School Readiness

School readiness includes the readiness of the individual child, the school’s readiness for children, and the ability of the family and community to support optimal early child development. It is the responsibility of schools to be ready for all children at all levels of readiness. Children’s readiness for kindergarten should become an outcome measure for community-based programs, rather than an exclusion criterion at the beginning of the formal educational experience. Our new knowledge of early brain and child development has revealed that modifiable factors in a child’s early experience can greatly affect that child’s learning trajectory. Many US children enter kindergarten with limitations in their social, emotional, cognitive, and physical development that might have been significantly diminished or eliminated through early identification of and attention to child and family needs. Pediatricians have a role in promoting school readiness for all children, beginning at birth, through their practices and advocacy. The American Academy of Pediatrics affords pediatricians many opportunities to promote the physical, social-emotional, and educational health of young children, with other advocacy groups. This technical report supports American Academy of Pediatrics policy statements “Quality Early Education and Child Care From Birth to Kindergarten ” and “The Inappropriate Use of School ‘Readiness’ Tests. “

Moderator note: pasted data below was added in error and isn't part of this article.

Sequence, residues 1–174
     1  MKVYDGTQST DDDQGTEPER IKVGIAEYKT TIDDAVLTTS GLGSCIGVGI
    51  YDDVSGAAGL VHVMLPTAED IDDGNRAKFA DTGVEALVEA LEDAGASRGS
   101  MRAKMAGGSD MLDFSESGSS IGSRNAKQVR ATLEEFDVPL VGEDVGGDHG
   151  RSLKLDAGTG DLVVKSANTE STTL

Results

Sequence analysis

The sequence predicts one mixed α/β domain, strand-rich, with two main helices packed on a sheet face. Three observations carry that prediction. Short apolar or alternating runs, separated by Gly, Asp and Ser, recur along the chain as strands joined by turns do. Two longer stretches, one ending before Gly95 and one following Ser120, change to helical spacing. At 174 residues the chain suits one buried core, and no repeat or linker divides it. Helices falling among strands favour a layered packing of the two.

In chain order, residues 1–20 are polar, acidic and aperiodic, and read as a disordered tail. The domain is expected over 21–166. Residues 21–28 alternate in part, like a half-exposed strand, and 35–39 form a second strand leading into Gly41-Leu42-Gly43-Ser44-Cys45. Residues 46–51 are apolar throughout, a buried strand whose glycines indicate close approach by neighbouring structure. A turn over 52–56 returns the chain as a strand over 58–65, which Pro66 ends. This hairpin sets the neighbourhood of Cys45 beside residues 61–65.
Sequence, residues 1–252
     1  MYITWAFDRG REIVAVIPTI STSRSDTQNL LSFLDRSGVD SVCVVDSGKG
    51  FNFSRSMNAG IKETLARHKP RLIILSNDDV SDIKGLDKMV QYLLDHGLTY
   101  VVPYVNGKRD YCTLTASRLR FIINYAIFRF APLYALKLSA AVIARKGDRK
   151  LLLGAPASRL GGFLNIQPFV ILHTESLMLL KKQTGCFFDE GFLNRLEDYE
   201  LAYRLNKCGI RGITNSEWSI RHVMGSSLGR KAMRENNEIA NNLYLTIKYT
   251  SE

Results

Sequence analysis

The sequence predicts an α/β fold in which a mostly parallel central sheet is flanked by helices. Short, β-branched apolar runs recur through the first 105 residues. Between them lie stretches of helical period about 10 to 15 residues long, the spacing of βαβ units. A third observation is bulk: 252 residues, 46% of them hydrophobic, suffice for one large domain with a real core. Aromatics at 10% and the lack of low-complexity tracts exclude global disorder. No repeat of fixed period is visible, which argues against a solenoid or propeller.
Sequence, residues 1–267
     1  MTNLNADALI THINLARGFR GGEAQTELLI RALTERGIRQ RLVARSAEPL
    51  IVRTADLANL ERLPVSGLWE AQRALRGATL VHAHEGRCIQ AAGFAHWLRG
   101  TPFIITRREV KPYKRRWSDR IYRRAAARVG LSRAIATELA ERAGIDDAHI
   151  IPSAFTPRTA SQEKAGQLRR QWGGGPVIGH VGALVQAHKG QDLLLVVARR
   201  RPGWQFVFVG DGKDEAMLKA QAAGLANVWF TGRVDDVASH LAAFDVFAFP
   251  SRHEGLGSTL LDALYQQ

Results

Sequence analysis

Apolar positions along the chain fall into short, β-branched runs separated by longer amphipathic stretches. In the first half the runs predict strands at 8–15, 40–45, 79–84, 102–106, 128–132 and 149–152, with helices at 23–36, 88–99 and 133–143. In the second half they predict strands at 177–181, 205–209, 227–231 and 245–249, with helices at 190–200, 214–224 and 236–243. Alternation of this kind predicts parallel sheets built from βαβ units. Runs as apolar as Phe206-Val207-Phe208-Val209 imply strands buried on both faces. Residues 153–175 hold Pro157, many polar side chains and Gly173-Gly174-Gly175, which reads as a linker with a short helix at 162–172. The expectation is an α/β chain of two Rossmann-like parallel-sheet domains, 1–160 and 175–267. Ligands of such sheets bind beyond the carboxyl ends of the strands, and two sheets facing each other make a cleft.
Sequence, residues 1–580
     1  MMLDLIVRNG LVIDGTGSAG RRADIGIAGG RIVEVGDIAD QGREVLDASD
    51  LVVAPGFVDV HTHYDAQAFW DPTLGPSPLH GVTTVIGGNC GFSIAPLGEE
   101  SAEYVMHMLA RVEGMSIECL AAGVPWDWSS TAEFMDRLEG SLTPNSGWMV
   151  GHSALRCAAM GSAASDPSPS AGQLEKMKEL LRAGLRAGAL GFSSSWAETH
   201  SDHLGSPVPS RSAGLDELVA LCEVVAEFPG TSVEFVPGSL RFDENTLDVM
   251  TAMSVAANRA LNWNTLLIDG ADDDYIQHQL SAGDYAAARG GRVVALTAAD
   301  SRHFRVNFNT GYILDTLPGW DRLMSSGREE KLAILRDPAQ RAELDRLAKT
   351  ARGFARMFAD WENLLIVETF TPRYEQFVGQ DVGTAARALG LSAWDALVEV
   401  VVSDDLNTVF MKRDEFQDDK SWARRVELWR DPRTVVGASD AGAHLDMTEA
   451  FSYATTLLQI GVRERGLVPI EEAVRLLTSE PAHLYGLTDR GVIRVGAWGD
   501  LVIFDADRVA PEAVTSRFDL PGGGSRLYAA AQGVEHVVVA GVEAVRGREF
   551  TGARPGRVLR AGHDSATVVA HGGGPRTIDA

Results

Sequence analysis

School readiness includes the readiness of the individual child, the school’s readiness for children, and the ability of the family and community to support optimal early child development. It is the responsibility of schools to be ready for all children at all levels of readiness. Children’s readiness for kindergarten should become an outcome measure for community-based programs, rather than an exclusion criterion at the beginning of the formal educational experience. Our new knowledge of early brain and child development has revealed that modifiable factors in a child’s early experience can greatly affect that child’s learning trajectory. Many US children enter kindergarten with limitations in their social, emotional, cognitive, and physical development that might have been significantly diminished or eliminated through early identification of and attention to child and family needs. Pediatricians have a role in promoting school readiness for all children, beginning at birth, through their practices and advocacy. The American Academy of Pediatrics affords pediatricians many opportunities to promote the physical, social-emotional, and educational health of young children, with other advocacy groups. This technical report supports American Academy of Pediatrics policy statements “Quality Early Education and Child Care From Birth to Kindergarten ” and “The Inappropriate Use of School ‘Readiness’ Tests. “

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